28. @shaunR – There’s a lot of variety in Vertigo. Consider approaching their titles on more of a book by book basis. Otherwise you might miss out on some good stuff. 

  29. @Paul – I get what your telling me, but I only read superhero comics. (personal preference)

  30. Thanks for this interesting review.  I’ve been curious about this title, but this article makes me think I should maybe wait for the second arc, then go back and read the origin later if I like it. 

  31. XD! Paul it seems Vince just beat you to the punch. He convinced me to give the Madame Xanadu series a try in their previous podcast (11 o’clock comics).

  32. Tempted to give this a shot based on this review.  Perhaps if I have a slow week and am caught up on my other seris I read in trade.  I read plenty of Vertigo, and am usually open to giving their titles a shot.  The preview the originally appeared 11-12 months ago (maybe more) didn’t really hook me though.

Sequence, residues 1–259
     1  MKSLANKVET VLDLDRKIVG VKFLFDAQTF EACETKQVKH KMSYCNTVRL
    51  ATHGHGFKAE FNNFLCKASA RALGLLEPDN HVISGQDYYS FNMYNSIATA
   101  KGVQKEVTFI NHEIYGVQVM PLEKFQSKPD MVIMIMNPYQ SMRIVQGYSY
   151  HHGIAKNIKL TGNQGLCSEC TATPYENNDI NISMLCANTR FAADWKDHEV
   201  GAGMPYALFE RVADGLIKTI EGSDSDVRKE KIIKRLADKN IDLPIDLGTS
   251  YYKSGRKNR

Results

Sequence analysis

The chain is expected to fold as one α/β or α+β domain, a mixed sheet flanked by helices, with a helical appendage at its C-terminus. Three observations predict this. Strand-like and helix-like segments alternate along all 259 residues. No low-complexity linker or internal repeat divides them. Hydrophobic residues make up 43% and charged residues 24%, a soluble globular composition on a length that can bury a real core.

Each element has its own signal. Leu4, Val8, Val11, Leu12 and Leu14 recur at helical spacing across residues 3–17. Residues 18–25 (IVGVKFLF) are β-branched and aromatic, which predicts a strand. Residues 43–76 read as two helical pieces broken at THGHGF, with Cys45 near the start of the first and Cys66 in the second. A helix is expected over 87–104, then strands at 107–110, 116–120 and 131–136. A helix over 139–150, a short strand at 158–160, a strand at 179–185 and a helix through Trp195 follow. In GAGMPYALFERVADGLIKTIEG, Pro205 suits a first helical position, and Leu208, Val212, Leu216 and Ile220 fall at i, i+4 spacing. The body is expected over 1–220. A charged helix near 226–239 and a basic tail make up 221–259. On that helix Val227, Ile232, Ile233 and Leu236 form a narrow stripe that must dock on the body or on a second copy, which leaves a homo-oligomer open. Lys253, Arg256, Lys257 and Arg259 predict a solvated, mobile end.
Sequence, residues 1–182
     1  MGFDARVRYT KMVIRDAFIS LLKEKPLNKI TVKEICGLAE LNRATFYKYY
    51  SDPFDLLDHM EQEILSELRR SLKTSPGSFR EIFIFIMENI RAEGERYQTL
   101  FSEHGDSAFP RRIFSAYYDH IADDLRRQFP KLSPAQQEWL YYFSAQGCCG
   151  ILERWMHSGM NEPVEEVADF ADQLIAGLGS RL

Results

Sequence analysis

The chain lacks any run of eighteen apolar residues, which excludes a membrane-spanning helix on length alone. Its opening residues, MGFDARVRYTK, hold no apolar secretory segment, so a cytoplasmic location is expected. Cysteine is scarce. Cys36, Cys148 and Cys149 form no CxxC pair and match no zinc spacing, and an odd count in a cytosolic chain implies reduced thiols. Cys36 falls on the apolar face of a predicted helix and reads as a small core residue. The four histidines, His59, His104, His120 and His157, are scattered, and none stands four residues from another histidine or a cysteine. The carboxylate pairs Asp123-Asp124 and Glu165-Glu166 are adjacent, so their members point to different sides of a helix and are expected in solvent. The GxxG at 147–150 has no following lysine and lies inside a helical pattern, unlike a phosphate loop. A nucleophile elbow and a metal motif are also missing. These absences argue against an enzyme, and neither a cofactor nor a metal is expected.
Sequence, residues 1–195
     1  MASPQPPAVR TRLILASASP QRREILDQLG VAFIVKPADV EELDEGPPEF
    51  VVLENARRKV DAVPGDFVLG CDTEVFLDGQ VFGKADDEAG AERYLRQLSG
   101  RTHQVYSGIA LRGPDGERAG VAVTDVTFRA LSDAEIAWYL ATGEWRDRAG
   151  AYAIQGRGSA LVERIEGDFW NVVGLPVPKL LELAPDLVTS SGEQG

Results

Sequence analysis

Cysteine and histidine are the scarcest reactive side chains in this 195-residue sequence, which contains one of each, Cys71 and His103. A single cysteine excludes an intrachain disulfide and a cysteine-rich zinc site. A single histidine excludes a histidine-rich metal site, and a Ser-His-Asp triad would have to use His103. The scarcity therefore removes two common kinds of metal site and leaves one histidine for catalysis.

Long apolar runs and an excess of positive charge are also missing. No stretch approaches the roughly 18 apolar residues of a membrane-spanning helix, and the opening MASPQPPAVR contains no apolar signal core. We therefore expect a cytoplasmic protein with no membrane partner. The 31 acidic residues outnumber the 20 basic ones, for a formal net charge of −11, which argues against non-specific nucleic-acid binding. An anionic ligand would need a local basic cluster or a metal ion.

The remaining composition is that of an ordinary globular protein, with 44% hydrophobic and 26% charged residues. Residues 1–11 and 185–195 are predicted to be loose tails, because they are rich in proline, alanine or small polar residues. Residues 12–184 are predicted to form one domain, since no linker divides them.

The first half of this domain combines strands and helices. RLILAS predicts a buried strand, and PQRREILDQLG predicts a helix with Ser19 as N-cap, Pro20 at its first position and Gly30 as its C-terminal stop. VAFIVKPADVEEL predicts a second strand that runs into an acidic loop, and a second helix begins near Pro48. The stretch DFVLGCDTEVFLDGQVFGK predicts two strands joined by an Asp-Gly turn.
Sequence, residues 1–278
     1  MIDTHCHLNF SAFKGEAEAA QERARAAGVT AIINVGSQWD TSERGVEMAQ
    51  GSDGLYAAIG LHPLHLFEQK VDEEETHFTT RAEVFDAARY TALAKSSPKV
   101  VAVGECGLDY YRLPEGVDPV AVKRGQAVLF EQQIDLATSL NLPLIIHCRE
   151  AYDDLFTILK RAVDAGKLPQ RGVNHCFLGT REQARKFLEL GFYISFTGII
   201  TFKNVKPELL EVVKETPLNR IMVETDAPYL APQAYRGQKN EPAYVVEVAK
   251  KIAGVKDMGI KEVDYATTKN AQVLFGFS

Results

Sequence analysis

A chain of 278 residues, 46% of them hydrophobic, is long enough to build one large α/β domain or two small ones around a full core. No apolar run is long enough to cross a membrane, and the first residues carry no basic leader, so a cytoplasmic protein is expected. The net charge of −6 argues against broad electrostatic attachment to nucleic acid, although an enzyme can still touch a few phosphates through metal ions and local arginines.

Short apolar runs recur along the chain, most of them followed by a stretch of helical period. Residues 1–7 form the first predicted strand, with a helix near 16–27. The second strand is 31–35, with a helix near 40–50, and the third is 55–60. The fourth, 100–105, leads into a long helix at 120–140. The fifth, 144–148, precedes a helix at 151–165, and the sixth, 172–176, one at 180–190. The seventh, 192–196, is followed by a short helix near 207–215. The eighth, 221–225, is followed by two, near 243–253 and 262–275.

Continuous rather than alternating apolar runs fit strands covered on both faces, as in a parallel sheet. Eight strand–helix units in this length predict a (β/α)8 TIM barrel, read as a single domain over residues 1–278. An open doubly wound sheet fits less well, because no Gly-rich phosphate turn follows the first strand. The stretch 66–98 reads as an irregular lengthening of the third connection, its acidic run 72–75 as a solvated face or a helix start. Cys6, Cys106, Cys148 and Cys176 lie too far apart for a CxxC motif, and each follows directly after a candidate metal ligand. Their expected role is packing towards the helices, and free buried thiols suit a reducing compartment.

33. This was a nice volume and an absolute bargain.  In many ways it seemed like it would have been a little more at home in the DCU proper, but it certainly intrigued me and I am a fan of these immortal characters who kind of trip through various familiar time periods.  You are correct though in your assertion… I love the Stranger, great ambivalent watcher type character with a groovy look that’s all his own…but the man is still, fundamentally, an arse.

  34. Having just finished this morning, I thought I’d jump in the conversation two weeks late.  But, whatever.

    Now, I don’t feel that the Phantom Stranger was really that bad of a guy during the story.  He told Nimue many, many times exactly what he’s all about.  He observes and comments, but rarely actually does anything.  No matter how much Nimue wants him to be otherwise, this function is not going to change.  When he says that something is going to happen, Nimue should have learned after Camelot that getting pissed and taking things personally isn’t going to change matters.

    From a total DC-geek perspective, I enjoyed the brief cameos of Alan Scott’s lantern, Etrigan, and the single mention of Dr. Fate.  Having this book tied into the DCU history was surprising, but done well.  They were nice MacGuffins that gave the Phantom Stranger some excuses to be obtuse and preachy.  They weren’t particularly necessary, but it gave me something to smile about.

    In all of this, I suppose I enjoyed it more than you did, Paul.  Just like you though, I found the art to be amazing.  So beautiful.  Can’t wait for the next volume for sure.